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RACISM & XENOPHOBIA DURING COVID-19: WILL HUMANITY CONTINUE TO PERISH AT THE HANDS OF SOCIAL EVILS?


Introduction

Racism in its simplest terms is a belief that a particular race is superior to the other. This inherent superiority comes from certain human traits and characteristics that can only be possessed by the members of a particular racial or ethnic group. It leads to discrimination, prejudice, and antagonism towards ethnic minorities. For years, people from Northeast India have faced racism and discrimination from the fellow Indians and to add to that is the COVID-19 pandemic, which has resulted in an increase in the number of cases of violence and abuse against them. This article aims to discuss how the global pandemic has aggravated the situation of racial discrimination and prejudice against the North Easterners in India. In addition, it talks about how the fear of the disease along with the pre-existing stigmatization among the people is resulting in increasing acts of Xenophobia around the world.

Racism Against North-Easterners In India

Racism against people belonging from North-East India is not a new phenomenon but the recent COVID-19 outbreak has flared up the-already-existing stigmatization and racial discrimination towards people from this part of the country. Ever since the country’s foundation, North Easterners across India have faced pervasive xenophobia and racism from fellow Indians due to their “mongoloid” features as that gives them a striking resemblance to Chinese as well as other Southeast Asian people. Many Indians consider people belonging to this part of the country as foreigners because of the difference in cultures and physical appearance. It is because of these differences and the lack of respect people hold towards diversity and different cultures, that human groups tend to engage in the practice of social exclusion and marginalization. Even after being legitimate citizens of the country, some individuals or a whole group of people are excluded from enjoying their fundamental rights that are enshrined in the Constitution of India. They are deprived of their basic human rights such as the right to live with dignity, the right to a safe environment, freedom from discrimination, etc. As an attack to their self-respect and dignity, they are subjected to racial slurs like “Chow Mein”, “Momos”, “Chinky” and so on.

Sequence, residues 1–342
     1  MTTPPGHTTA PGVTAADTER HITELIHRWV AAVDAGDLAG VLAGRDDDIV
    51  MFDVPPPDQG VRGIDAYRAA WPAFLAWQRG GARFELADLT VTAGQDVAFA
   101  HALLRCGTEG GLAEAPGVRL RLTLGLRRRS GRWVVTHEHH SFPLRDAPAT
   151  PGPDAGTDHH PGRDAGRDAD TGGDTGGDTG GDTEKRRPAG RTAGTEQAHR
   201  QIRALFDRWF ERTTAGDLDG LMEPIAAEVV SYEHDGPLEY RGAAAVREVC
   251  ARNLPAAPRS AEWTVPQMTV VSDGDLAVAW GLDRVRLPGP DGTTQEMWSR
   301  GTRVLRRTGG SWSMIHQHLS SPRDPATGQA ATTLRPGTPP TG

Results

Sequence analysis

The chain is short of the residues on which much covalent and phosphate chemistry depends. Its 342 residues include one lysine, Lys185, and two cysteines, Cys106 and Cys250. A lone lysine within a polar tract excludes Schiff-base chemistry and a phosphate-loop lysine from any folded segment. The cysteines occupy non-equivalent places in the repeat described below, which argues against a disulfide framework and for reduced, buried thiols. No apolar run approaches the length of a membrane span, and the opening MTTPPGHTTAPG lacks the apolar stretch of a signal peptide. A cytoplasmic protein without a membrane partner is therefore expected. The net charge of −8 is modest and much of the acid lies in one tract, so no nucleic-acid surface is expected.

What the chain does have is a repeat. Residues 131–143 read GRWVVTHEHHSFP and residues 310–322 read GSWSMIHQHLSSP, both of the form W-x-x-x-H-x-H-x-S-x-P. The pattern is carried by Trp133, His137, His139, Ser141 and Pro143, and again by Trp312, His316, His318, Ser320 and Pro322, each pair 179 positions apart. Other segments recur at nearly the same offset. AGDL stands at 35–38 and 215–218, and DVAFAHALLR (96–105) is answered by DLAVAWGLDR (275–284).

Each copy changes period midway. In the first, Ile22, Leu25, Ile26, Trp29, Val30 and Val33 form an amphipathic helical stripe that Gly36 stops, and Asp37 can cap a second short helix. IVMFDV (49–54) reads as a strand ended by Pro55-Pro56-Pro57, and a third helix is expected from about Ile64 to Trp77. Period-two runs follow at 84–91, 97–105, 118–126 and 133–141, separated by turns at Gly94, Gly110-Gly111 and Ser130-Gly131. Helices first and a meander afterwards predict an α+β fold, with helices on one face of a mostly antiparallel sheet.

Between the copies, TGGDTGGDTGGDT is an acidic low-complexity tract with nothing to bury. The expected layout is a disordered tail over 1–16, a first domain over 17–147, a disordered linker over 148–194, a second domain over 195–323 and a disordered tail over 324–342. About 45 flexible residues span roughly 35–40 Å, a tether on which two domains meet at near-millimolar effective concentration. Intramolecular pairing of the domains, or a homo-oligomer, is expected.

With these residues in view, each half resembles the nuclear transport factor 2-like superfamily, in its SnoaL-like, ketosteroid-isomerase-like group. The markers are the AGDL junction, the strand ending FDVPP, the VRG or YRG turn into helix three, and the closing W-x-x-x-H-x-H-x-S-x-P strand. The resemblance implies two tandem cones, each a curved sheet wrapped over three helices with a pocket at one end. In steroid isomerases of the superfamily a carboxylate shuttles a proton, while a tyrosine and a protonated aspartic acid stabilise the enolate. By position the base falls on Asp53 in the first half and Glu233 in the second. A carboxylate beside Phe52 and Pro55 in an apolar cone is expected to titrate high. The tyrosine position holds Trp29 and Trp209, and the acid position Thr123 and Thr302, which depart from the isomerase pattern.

Pandemic, Social Prejudice, and COVID-19